Baroness Ruth Hunt – Ex CEO Stonewall, LGBT+ Ambassador

Inspirational Keynote Speaker -

Baroness Ruth Hunt was the Chief Executive of Stonewall; the UK’s largest charity campaigning to improve equality for lesbian, gay, bisexual and transgender people.

In her fourteen years with the organisation, she worked with more than 700 organisations in the UK and globally, as well as with schools, grassroots campaigners, and senior government Ministers, and led high profile, impactful campaigns.

Prior to joining Stonewall, Ruth worked for Universities UK on equalities in higher education and was the President of the Oxford University Student Union.

She holds an honorary fellowship from Cardiff University, and honorary degrees from Keele and Exeter.

She was the Vice Chair of national homelessness charity Shelter and is currently a trustee of Engage Britain. Ruth has been appointed as a cross bench peer in the House of Lords and took up her seat in October 2019.

She is the Co-Founder of Deeds x Words who work with individuals, organisations, businesses, social movements and communities to help create a shared sense of purpose.

Baroness Ruth Hunt is a respected and influential communicator who, with charm and humour, helps audiences of all sizes and experiences understand how they can build cultures that work, and bring minority voices into the room.

With over 20 years’ experience of leading campaigns for the LGBTQ+ communities, in 2019 Ruth became the youngest cross-bench peer in the House of Lords.

Alongside her Parliamentary work, Ruth and her partner Caroline Ellis are Directors of Deeds and Words, working with c-suite teams to understand how collective and inclusive leadership can drive organisational effectiveness.

Ruth is also well-known and regarded for her previous work as CEO and Director of Campaigns at Stonewall, Europe’s largest LGBTQ+ charity.

During her time at Stonewall, Ruth played an integral part in leading numerous landmark campaigns including tackling homophobia in schools and developing the Rainbow Laces campaign in partnership with the Premier League.

A Visiting Fellow at Jesus College Cambridge, Oxford graduate and former President of the Oxford University Students Union, Ruth brings an academic rigour to her work whilst being wholly accessible to audiences regardless of their background and knowledge.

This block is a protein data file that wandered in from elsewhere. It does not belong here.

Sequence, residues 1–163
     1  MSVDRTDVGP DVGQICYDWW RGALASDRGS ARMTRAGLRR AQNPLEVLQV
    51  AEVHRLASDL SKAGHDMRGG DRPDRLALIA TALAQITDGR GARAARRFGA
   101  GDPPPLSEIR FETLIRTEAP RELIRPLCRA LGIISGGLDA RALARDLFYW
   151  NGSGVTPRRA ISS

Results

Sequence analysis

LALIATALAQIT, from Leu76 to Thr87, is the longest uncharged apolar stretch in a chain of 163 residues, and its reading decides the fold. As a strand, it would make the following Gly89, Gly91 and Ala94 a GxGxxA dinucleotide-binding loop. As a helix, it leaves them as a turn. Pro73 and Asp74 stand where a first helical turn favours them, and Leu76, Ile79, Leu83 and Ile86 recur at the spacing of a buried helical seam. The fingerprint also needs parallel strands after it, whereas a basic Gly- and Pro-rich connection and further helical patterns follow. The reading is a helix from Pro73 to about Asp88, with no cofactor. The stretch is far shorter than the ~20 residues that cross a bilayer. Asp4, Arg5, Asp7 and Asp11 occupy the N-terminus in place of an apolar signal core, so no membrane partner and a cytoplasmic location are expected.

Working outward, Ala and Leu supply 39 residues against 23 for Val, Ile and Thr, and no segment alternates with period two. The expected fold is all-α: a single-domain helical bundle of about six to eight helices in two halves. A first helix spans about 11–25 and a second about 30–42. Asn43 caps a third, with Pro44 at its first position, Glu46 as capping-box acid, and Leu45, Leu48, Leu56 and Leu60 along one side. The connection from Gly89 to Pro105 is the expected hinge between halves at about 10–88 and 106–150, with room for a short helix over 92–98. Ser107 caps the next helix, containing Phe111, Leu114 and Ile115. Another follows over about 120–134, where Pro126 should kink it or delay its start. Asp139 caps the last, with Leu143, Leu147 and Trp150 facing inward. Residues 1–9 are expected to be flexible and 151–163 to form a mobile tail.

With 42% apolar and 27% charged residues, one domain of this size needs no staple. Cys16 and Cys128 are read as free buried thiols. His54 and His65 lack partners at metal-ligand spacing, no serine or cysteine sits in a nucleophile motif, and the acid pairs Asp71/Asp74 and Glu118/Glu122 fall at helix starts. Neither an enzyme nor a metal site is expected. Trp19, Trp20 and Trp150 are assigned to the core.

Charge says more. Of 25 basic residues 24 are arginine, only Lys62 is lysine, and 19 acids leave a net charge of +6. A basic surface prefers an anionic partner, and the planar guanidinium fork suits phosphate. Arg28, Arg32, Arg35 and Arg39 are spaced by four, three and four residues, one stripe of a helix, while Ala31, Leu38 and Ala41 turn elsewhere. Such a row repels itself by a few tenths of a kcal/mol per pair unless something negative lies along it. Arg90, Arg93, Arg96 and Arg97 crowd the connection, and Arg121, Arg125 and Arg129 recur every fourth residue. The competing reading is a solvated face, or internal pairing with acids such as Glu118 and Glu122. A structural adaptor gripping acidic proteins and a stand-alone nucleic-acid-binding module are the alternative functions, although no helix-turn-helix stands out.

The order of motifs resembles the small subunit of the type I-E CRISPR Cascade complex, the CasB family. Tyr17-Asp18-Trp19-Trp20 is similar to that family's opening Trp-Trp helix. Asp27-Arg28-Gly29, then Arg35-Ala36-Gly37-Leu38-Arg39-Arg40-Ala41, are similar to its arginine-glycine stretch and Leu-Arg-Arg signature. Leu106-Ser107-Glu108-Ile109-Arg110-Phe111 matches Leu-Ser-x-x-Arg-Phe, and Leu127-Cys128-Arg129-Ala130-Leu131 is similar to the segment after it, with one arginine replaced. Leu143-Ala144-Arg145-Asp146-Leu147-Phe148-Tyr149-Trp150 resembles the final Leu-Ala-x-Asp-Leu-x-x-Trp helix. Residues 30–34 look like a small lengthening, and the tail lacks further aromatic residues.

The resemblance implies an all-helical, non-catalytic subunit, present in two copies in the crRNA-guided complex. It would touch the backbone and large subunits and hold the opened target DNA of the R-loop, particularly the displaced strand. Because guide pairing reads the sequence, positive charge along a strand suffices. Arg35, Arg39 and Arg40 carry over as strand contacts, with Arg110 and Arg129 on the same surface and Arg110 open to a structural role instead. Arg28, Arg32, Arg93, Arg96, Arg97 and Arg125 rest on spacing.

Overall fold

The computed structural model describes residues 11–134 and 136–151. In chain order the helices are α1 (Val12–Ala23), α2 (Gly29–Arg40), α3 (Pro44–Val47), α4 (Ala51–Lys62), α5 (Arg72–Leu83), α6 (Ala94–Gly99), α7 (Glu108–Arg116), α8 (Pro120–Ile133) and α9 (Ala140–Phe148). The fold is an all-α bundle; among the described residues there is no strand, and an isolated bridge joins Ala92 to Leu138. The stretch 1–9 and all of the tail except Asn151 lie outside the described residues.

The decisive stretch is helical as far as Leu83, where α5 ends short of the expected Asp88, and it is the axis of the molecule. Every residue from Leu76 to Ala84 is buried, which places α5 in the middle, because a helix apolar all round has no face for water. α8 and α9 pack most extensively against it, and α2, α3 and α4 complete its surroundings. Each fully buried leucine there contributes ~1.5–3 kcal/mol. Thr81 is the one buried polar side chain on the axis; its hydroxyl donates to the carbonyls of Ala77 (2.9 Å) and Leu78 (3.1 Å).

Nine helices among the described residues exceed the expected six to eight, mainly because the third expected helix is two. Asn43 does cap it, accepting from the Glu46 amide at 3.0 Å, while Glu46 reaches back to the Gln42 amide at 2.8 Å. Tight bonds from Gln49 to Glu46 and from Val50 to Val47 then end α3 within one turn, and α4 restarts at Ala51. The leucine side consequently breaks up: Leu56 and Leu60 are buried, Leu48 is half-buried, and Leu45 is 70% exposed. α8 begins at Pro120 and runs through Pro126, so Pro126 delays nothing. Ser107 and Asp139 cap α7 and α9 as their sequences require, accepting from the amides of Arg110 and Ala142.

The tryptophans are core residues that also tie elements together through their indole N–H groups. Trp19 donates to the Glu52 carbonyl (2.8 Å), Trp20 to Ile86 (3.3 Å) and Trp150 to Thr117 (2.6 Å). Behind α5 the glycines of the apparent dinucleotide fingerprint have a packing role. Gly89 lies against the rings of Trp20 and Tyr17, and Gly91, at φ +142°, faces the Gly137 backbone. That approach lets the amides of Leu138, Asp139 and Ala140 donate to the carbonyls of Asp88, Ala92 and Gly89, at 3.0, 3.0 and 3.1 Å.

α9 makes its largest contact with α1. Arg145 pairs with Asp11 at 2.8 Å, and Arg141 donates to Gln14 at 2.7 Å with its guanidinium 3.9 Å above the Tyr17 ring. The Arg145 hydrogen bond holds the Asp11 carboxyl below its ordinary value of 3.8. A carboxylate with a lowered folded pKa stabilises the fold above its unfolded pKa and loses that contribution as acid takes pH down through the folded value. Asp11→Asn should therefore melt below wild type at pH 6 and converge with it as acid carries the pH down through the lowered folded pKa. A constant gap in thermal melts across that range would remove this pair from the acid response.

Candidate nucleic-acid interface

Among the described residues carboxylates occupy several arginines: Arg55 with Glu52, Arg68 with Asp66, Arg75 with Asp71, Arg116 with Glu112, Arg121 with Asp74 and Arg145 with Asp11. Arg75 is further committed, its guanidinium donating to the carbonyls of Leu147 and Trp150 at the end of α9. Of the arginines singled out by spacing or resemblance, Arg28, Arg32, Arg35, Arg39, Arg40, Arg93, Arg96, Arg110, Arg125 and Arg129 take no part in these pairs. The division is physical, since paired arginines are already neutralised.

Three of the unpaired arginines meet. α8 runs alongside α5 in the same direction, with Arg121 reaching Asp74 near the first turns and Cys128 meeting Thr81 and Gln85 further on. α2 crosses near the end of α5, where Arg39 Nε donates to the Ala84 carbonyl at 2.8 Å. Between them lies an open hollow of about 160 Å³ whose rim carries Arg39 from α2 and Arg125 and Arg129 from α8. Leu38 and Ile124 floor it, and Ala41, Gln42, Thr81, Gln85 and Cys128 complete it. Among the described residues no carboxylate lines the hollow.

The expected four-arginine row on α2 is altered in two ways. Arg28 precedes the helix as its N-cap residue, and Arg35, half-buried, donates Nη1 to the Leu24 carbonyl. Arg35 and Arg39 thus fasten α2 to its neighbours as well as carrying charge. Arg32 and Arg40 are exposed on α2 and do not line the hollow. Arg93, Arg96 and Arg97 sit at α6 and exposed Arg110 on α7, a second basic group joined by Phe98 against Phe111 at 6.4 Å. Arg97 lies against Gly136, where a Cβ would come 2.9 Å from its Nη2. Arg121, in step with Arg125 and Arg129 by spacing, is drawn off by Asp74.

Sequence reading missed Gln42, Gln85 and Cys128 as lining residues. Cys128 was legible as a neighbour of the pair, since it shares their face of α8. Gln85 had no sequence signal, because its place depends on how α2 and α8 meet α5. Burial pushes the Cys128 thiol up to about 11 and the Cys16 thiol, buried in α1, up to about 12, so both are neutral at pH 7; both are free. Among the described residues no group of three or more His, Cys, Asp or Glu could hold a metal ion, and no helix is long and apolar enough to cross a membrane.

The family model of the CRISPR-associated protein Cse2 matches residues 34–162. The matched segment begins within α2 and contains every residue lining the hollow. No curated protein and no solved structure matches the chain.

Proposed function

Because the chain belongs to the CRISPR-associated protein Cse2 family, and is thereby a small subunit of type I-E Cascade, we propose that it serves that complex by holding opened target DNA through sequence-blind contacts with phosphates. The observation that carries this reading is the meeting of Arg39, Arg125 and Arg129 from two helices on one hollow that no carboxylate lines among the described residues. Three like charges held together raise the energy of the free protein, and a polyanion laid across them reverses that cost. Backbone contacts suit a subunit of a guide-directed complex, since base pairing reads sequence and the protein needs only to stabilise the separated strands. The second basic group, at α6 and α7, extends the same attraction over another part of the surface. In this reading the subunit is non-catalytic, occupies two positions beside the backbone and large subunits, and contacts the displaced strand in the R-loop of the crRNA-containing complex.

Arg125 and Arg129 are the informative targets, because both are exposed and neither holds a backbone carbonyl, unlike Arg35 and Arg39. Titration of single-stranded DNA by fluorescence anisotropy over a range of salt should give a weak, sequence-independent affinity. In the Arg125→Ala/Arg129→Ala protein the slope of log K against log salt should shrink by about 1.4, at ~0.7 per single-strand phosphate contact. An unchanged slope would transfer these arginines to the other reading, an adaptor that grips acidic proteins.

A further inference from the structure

Ruth’s keynote topics include

  • Traditional leadership models and ideas surrounding workplace culture continue to be questioned by employers and employees worldwide. Ruth looks at why and how embracing collective leadership, building inclusive cultures and understanding the need for trust can result in staid models and ideas being put to one side, and drive organisational effectiveness and performance.
  • In recent years issues surrounding psychological safety has become increasingly prevalent in all walks of life. In this keynote, Ruth considers why we need to cultivate safer environments, both in our personal and professional lives, and how this can drive organisational effectiveness. Ruth outlines the steps individuals and organisations need to put in place to help facilitate this.
  • As the power of allyship becomes more prevalent and complexities surrounding authenticity soften, the space for progressive attitudes and behaviour has widened. In this keynote, Ruth delves into what has been achieved, and what can still be done, to challenge the status quo and breakdown inequalities that continue to threaten a more tolerant and equitable society.

Excerpt from a recent interview with Thought Ecomomics Online Magazine:-

Q: Why does culture discriminate on the basis of sexuality?
[Ruth Hunt]: Homophobia and transphobia are relatively modern phenomena. As they relate to British history, it was absolutely a colonial intervention to object to same-sex sexual activity- and that was as much to do with Victorian norms and moral values, rather than it being about people.

If you look at subculture in India, in Native America… if you look at the animal kingdom… homosexuality is just a part of life.

In the times of Henry VIII, they were closing down monasteries, and the mere suggestion that monks were having sex with each other was used as an excuse to take away their wealth in the restoration period.

Ultimately, it comes down to a fear about people being different… being the other. It’s about keeping communities alive… it’s about who’s having the babies in society!

Q: What is the reality of discrimination against LGBTQ+ communities in the UK?
[Ruth Hunt]: Hate crime is as prolific as it used to be, and both prejudice and discrimination against LGBT people is rife.

Some institutions have got immeasurably better over the last decade, but that is based on what has become an assimilationist approach to LGBT inclusion.

If you are white, you are probably getting married, paying your taxes, being presentable, and are accepted but different…. Your otherness still pervades… It’s a bit #MiddleClassProblems, but we’re looking for a new cleaner and I’ve had to drop people an email saying we’re a same-sex couple because I don’t want someone coming into the house who has a problem with that.

It wasn’t an overtly political act on my part, but it’s what we must do in order to make sure people are ‘ok.’ I used to think that progress on LGBT inclusion was quite linear, but it goes in fits and starts.

You take a step-back and then you shuffle forward. Just look at the extraordinary backlash against trans-people in the UK at the moment- it exposes how loosely-held the signals of acceptance are…. I certainly know people will double-check and think whether they can hold their partner’s hand on a night bus… whether they’re safe to walk down the road… whether they can come out to their parents…